Bastille's Dan Smith finds himself rather seamlessly inserted into a chaotic, futuristic world inspired by forthcoming Netflix film Bright, starring Will Smith as a cop with Joel Edgerton as his orc partner.
Director Keith Schofield doesn't see race. He only sees love. And love is possible for everyone, for the typical music video models, the muscleheads, the freaks, the ugly and even the alien with three penises.
Maybe especially for the alien with three penises...
All week we'll be reprinting The 405's music video seriesLoud Visionaries Week. Yesterday was all about Hiro Murai, but today they shine the light on Edward John Drake .The 405 presents their Loud Visionaries series focusing on the new wave of music video directors and creatives.
Dave Ma has found his feet, and they're currently buried deep in the world of enigmatic visuals and subtle camera work. The man is aware of what makes us tick, aware of who is, and is certainly aware of how he can translate all that into beautiful filmmaking. Bastille loves him, Flight Facilities came back for seconds... things are looking good for citizen-of-the-world Dave 'probably watching porn' Ma.
Imagine our national anthem was Bastille's new single "Oblivion" and you were tasked with singing it prior to a demolition derby. Tough gig, right? Well, not if you're Sophie Turner, who has been through way more precarious situations as Sansa Stark on Game Of Thrones.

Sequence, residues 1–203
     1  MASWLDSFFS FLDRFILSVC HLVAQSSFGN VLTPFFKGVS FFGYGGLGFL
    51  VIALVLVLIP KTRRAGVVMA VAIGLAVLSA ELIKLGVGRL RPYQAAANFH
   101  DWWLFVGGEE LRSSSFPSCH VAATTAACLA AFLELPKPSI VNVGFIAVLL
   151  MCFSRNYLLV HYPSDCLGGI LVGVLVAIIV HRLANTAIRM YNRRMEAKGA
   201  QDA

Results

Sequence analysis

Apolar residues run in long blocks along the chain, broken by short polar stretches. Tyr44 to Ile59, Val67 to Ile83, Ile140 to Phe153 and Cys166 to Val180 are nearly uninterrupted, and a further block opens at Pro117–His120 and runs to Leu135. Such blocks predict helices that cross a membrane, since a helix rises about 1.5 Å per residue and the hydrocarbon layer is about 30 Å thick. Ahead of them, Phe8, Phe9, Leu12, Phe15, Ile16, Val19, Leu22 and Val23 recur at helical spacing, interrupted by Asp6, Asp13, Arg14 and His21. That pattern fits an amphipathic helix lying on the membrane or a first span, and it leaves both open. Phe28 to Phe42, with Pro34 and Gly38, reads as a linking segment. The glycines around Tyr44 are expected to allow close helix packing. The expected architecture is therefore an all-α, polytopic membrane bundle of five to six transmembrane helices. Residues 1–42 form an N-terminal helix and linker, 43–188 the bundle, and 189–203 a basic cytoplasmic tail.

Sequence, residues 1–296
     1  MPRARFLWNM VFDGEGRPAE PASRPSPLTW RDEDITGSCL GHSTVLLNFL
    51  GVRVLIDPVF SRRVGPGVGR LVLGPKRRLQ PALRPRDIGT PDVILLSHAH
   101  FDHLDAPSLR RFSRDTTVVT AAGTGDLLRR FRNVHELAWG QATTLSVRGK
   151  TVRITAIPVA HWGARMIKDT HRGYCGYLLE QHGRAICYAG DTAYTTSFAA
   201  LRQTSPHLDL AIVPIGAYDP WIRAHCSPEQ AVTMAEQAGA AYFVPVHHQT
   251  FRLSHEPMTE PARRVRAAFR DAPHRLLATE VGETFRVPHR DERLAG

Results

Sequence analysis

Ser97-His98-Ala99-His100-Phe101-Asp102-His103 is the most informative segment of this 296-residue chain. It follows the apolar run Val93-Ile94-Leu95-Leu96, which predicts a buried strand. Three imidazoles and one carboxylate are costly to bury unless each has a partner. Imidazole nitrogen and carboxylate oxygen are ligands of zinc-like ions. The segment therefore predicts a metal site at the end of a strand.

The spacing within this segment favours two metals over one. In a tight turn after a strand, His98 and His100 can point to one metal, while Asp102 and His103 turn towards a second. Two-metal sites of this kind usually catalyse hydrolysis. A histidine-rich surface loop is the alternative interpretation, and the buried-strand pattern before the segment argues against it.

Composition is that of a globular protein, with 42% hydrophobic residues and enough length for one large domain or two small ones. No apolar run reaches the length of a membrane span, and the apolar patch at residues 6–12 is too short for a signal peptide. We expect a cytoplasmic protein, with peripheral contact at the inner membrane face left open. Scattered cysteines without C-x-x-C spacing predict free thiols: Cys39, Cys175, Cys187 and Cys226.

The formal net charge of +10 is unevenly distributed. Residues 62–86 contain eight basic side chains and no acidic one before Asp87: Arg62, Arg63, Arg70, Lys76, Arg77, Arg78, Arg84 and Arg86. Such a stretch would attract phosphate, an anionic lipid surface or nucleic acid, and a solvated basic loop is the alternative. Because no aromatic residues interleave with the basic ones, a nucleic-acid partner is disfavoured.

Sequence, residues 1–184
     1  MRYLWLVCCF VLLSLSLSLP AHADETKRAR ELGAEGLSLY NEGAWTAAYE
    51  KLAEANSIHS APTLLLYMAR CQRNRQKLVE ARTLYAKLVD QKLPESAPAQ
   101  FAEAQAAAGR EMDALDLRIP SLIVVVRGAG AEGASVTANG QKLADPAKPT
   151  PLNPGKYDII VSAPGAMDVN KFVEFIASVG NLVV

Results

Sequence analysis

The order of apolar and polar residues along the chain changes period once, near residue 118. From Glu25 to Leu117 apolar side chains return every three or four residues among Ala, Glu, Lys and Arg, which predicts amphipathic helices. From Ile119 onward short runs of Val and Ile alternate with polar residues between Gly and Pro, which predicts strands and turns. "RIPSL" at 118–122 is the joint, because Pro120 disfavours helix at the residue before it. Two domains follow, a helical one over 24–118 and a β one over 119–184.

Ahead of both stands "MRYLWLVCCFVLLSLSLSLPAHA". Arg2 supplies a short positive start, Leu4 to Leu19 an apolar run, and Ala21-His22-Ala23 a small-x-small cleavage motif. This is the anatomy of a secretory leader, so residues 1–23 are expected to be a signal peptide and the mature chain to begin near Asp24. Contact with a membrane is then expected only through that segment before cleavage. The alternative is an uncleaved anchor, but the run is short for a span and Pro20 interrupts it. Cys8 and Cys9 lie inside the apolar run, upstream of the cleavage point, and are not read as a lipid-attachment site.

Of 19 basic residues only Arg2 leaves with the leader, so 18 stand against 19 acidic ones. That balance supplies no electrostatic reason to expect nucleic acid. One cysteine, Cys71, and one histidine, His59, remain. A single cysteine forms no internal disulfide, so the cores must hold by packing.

If you were subjected to a eurodance floor or a late night pop station during the early '90s then you were probably subjected to "Rhythm Is A Dancer" — a song so catchy it'll never leave your head, even after you're dead.
And that, my friends, is your hint for what to expect in deadly serious (but oddly fun) video for Bastille's overhaul of the song into something a bit more weighty.
Naor Aloni's new music video for Bastille's 'Things We Lost in the Fire' finds the lead singer traversing through a dream full of symbolism and strong visual motifs. A real cinematic treat with photography by the talented Jake Scott.
Despite the lack of a log lady, this video takes some unexpected twists as director Austin Peters goes a bit meta: What looks like a fairly stock performance video with trendy VHS camcorder touches, random outlaw b-roll characters, and even some "hey, we're making a video" behind-the-scenes stills becomes something else entirely when those random folks storm the set, kidnaps Bastille singer Dan Smith and decide to make their own damn video.